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Tufts Dental School has combined the disciplines of internal medicine and dermatology with those of dentistry and oral histopathology in their course of oral medicine. From the course, with its 38-year history, has emerged this current textbook of modern stomatology.
The book is written in an easy didactic style directed toward the senior dental student. The authors' aim to cover the field broadly has been achieved, but in so doing depth has been lost. As an isolated illustrative example of this criticism one may turn to the discussion of extensive acid or alkali burns of the mouth where, after advising the patient over the telephone to rinse the mouth with copious amounts of water, narcotics are recommended for pain, but no caution has been suggested to the student to look beyond the mouth for further burns or even see the patient, for that matter. This is an error which could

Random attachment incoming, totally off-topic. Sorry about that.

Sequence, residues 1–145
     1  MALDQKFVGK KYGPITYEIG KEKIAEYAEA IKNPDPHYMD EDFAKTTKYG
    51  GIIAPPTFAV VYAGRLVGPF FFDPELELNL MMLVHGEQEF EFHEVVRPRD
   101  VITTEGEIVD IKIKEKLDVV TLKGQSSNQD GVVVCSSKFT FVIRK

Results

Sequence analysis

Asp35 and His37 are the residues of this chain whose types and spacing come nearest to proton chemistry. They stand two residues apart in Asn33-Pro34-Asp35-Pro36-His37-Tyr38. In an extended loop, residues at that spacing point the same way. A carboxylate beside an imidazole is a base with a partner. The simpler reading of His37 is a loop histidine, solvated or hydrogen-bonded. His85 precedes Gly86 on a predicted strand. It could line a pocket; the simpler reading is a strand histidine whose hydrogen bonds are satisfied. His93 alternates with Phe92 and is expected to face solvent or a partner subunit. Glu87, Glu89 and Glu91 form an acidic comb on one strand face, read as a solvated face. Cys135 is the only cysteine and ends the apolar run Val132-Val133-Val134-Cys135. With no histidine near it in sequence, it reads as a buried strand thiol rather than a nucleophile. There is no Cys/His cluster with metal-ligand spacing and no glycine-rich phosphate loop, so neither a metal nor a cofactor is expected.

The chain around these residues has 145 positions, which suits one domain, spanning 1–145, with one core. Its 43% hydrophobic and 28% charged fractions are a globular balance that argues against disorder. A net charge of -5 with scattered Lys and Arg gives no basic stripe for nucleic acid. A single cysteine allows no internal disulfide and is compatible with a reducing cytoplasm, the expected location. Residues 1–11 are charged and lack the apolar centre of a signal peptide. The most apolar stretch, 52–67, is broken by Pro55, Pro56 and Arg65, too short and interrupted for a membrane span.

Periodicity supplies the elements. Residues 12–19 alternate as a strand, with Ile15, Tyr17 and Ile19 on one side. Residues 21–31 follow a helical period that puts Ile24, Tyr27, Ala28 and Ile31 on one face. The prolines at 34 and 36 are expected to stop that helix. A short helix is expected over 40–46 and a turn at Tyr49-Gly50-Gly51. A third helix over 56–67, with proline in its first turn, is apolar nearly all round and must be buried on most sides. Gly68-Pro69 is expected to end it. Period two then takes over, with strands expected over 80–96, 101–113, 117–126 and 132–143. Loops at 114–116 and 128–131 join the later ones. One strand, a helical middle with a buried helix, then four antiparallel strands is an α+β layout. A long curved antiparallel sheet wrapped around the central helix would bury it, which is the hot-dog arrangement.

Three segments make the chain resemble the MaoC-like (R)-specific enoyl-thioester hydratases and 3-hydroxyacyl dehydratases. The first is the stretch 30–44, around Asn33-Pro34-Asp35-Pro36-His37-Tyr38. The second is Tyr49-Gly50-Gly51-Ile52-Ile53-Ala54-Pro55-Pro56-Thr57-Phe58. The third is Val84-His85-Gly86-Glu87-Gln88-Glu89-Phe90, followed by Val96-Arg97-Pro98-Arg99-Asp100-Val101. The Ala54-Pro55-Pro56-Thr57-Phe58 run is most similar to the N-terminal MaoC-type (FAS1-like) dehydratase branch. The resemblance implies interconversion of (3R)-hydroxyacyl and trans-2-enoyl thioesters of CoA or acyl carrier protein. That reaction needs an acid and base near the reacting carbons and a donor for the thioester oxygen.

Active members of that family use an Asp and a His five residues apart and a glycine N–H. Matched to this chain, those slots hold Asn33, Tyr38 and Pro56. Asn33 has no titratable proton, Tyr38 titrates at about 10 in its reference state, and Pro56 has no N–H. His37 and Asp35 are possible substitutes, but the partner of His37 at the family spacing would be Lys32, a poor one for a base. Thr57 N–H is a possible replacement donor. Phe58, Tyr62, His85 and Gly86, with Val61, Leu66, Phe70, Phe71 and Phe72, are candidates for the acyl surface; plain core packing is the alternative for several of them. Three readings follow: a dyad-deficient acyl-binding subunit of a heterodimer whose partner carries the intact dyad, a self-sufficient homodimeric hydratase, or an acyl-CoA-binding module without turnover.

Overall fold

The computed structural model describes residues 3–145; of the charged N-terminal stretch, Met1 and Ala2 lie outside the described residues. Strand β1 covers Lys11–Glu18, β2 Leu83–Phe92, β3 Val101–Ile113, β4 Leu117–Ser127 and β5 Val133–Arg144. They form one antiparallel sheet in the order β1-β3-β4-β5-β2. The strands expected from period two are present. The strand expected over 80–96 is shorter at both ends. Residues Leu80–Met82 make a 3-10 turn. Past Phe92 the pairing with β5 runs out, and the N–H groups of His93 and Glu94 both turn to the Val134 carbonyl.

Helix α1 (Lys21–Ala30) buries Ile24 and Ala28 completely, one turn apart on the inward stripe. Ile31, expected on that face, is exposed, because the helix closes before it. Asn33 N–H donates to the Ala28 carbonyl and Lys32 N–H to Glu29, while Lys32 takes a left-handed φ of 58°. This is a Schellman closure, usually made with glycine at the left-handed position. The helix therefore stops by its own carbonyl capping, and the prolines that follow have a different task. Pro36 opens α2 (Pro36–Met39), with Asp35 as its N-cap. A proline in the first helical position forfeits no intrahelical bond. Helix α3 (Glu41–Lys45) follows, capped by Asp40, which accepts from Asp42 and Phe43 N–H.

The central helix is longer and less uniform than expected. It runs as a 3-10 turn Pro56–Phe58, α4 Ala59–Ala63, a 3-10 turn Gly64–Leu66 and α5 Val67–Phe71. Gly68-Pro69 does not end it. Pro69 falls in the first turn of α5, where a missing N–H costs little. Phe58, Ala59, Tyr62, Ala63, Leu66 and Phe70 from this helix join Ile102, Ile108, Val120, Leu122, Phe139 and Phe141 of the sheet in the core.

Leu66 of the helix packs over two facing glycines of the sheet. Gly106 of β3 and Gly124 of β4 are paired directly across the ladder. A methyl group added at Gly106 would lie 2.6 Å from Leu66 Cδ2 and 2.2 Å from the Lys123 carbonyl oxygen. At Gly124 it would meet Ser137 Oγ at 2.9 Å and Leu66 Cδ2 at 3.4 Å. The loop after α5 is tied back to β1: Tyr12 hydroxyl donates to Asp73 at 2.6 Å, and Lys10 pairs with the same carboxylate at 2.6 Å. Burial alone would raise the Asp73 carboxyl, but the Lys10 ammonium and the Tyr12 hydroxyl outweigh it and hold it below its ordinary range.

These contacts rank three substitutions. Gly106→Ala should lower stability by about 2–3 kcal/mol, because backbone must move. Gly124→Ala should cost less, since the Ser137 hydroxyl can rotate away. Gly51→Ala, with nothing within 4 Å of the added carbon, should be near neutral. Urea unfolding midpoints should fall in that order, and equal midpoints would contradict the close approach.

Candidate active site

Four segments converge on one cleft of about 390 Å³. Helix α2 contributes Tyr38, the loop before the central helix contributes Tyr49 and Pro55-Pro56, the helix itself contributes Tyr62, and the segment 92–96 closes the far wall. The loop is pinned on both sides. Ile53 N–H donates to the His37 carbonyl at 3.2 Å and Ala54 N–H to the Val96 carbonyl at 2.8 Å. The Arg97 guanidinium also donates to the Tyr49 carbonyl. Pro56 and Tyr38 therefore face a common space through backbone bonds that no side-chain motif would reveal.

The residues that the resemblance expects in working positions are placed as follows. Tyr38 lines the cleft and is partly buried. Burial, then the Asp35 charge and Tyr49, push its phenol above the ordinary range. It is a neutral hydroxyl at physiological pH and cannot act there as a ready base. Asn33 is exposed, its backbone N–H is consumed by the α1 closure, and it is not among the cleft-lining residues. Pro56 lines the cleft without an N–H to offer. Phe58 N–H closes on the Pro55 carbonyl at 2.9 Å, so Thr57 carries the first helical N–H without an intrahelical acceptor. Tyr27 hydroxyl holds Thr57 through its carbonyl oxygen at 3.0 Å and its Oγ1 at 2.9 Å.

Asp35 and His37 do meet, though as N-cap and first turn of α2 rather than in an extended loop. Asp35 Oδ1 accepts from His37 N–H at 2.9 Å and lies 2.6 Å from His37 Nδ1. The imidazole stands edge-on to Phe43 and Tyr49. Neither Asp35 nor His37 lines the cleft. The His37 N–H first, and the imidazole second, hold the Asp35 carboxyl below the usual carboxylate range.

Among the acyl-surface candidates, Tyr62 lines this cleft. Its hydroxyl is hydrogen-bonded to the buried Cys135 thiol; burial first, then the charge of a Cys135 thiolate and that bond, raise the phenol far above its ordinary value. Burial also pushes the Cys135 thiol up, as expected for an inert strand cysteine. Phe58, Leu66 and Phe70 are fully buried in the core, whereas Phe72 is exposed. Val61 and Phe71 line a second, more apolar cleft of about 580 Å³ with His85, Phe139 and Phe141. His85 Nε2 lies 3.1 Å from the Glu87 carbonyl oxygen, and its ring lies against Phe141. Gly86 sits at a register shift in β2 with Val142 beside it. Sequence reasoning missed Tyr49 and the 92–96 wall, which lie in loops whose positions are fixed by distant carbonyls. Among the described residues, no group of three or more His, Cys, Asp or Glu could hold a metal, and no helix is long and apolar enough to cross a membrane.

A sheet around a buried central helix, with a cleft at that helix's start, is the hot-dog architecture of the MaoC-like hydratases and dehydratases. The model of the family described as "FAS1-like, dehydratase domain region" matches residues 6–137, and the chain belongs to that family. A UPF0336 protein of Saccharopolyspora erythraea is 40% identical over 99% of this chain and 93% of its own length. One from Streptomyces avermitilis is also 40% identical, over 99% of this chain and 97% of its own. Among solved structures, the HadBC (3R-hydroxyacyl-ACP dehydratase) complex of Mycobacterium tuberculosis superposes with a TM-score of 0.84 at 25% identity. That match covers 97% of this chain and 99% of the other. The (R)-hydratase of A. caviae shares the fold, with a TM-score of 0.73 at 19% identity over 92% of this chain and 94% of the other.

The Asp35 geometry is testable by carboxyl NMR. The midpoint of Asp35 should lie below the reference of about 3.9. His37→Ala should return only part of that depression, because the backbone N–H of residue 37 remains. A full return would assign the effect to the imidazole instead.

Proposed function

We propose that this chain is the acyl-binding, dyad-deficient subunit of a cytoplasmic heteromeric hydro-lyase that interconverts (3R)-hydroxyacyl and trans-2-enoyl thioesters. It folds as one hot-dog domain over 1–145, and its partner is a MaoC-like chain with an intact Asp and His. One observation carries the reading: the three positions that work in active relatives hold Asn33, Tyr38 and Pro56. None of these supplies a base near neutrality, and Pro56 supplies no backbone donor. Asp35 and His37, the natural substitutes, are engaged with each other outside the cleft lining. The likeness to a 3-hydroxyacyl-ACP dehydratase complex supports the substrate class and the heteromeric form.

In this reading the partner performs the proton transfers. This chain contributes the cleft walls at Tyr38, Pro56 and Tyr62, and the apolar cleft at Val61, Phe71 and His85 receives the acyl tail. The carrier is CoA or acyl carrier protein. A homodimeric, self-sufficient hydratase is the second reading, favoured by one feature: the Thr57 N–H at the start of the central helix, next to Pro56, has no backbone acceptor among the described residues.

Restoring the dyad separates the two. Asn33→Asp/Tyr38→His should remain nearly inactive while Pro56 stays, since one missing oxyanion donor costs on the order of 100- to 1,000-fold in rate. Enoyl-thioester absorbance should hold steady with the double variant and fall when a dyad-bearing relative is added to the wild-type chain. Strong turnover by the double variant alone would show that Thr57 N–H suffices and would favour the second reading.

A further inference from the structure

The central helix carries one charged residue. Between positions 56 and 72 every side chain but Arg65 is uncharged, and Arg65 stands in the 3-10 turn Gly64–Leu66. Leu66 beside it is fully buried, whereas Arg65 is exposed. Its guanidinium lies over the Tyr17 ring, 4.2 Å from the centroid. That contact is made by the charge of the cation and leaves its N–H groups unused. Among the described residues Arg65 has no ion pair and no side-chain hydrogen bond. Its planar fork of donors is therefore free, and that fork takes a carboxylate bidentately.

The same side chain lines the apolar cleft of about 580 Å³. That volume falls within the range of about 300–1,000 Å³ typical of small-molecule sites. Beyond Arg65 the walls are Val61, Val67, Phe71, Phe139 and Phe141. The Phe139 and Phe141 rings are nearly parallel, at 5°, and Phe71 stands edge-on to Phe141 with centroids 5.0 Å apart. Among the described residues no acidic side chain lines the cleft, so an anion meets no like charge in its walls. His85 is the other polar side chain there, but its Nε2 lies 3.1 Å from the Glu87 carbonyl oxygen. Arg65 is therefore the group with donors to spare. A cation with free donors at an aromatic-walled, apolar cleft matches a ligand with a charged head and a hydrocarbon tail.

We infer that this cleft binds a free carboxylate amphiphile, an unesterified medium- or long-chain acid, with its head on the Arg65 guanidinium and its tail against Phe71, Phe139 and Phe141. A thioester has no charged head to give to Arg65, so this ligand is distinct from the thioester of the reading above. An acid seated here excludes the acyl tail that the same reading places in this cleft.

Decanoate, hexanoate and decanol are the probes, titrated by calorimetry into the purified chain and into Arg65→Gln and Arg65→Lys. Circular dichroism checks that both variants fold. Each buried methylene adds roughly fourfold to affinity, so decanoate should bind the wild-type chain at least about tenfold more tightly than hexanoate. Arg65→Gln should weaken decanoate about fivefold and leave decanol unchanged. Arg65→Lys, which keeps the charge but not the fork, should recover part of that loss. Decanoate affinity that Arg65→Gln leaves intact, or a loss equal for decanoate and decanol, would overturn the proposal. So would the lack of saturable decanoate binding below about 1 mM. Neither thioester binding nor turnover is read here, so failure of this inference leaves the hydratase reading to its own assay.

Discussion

CLEMIS JD. Diseases of the Oral Mucosa. Arch Otolaryngol. 1965;81(3):323. doi:10.1001/archotol.1965.00750050332030
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